How much power takes to faintly light up a fluorescent tube ?

Discussion in 'General Electronics Chat' started by Externet, Jun 14, 2015.

  1. Externet

    Thread Starter AAC Fanatic!

    Nov 29, 2005
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    Hi.
    Say a 40 Watt-rated plain fluorescent tube.
    Say it is faintly lit. What is your guess; would it take 1 Watt ? Half a Watt ? Less than that ?

    ----> http://www.richardbox.com/field.htm
    ---->{www.youtube.com/watch?v=BxzSZ78cM-4}
    ---->{www.youtube.com/watch?v=vdoxWfPDTso}

    How would you store that energy in a battery ? Just an antenna to a diode (or bridge) into battery and ground rod to the other battery terminal ?

    Antenna-----------------------------------------|>|-------(+)BAT(-)---------GND

    Am not interested in legalese.
     
    Last edited: Jun 14, 2015
  2. MaxHeadRoom

    Expert

    Jul 18, 2013
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    Doesn't take much to make a fluorescent tube glow, you can do it by holding the glass in your hand and bring it near to a HV source, (high impedance source for safety).
    An old circus trick.
    Max.
     
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  3. Hypatia's Protege

    Distinguished Member

    Mar 1, 2015
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    Qualitatively speaking, very little!:cool:

    Not much point in attempting to 'harvest' the energy unless you live under a 'high-tension' 'shipping' line -- in which case good luck convincing the POCO that your apparatus captures only energy that would be lost otherwise... :D:D:D

    Best Regards
    HP
     
  4. Hypatia's Protege

    Distinguished Member

    Mar 1, 2015
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    Indeed! I used that 'trick' to illuminate a 2 mile stretch of (320kV) 'right of way' across my property (via ca. 2400 discarded 96" tubes standing vertically on the ground beneath the 'phases') --- NSP demanded I remove them on the basis that their presence was tantamount to "in transit theft of service" and, hence, 'piracy' (of the Capt. Kidd 'variety') --- They were unsympathetic to the fact that the tubes were only loosely electrostatically coupled to their line and, hence, represented no 'above background' loss to their facilities...--- Anyway, to cut to the chase, I eventually capitulated on the basis that they could very likely afford craftier barristers than I:( --- Odd how readily they disclaim ownership of that stray field when same is accused of inciting neurological lesions!:confused::D

    Nostalgically
    HP
     
  5. MaxHeadRoom

    Expert

    Jul 18, 2013
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    Although the Jury is still out on that one.:rolleyes:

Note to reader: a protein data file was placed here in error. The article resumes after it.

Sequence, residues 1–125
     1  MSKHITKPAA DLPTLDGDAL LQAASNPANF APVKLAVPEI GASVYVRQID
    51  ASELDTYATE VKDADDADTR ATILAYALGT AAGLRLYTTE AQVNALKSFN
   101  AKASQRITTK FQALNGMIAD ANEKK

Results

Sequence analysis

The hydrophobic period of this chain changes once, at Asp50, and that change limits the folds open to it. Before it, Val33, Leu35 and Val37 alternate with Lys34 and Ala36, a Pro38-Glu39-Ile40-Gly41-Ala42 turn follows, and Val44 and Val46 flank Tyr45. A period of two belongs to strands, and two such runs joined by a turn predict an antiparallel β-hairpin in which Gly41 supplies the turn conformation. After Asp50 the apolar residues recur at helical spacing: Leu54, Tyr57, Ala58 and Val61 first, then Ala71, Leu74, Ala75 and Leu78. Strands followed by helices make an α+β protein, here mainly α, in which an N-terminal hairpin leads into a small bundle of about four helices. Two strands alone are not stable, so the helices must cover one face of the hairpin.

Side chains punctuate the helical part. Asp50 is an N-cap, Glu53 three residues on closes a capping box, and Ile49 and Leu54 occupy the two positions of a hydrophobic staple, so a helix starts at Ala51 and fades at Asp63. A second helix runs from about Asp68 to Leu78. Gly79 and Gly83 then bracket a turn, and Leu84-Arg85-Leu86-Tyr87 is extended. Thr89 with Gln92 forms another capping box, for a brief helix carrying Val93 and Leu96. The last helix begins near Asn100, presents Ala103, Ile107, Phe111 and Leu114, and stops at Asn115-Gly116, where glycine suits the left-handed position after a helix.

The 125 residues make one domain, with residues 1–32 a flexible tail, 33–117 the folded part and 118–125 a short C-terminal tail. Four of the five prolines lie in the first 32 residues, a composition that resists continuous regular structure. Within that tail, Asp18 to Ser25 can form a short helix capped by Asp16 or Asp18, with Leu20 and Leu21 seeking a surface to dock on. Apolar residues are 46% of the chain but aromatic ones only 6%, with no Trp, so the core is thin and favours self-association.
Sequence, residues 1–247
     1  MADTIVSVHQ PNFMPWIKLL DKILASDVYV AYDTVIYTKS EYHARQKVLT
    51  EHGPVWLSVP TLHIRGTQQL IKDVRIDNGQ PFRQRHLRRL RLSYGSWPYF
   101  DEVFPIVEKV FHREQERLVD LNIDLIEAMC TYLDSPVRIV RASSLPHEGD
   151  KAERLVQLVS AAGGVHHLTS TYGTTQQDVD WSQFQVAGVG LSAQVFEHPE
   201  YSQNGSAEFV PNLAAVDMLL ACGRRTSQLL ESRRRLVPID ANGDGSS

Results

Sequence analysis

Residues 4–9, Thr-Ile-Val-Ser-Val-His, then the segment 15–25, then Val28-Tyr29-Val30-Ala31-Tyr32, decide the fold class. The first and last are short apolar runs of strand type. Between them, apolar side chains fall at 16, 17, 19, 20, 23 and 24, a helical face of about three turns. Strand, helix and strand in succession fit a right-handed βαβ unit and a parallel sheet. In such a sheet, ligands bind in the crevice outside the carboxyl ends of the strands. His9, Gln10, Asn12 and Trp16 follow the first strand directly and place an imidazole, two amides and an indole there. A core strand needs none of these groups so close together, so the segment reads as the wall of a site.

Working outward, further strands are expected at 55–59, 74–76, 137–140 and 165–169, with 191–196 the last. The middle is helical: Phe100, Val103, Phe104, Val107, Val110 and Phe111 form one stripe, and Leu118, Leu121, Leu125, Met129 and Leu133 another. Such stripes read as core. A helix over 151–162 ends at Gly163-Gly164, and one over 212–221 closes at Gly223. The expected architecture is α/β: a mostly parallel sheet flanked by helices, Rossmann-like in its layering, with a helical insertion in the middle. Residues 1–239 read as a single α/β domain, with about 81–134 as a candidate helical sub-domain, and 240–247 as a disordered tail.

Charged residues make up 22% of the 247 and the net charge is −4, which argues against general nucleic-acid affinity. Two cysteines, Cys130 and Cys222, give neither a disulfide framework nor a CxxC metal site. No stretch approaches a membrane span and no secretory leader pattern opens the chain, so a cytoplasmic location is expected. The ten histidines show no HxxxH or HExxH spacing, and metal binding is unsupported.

At that time, the establishment of the Royal Navy was still in its infancy so there was often still a grey area if you were a Pirate or actually a Privateer.
    It could change from month to month (or week to week) depending on the speed of dispatches.
    (see History of the Caribbean, incl Spanish America)
    Max.

    But no fluorescents back then.:)
     
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  6. Hypatia's Protege

    Distinguished Member

    Mar 1, 2015
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    Golly!:D --- Seems I'll need to find another archetype of a 'high seas pirate' ----'Twouldn't be necessary but for the (bizarre) metamorphosis to the word's 'contemporary' meaning of "one who makes unauthorized reproductions of intellectual property":rolleyes:

    Thanks for the heads up!:):):)
    HP
     
  7. cmartinez

    AAC Fanatic!

    Jan 17, 2007
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    Back then the concept of the "legality" of some actions all depended on the nation whose interests where at stake... (read: England vs Spain). I'd say that was history's first Cold War.
     
  8. MaxHeadRoom

    Expert

    Jul 18, 2013
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    I must say my knowledge of the Spanish/Mexico side of history was lacking, including significance of Cinco de Mayo, but on a visit some years ago I learned quite a bit from Mayan, Spanish and Britain/France involvement.
    I particularly remember one historical report when at the time of the Spanish conquest, the Pope at the time issued a Papal Bull which drew a line down the east side of S.America. declaring that no nation other than Spain could cross it (read Gold)!.
    Of course, the British,Dutch and French promptly ignored it.
    Max.
     
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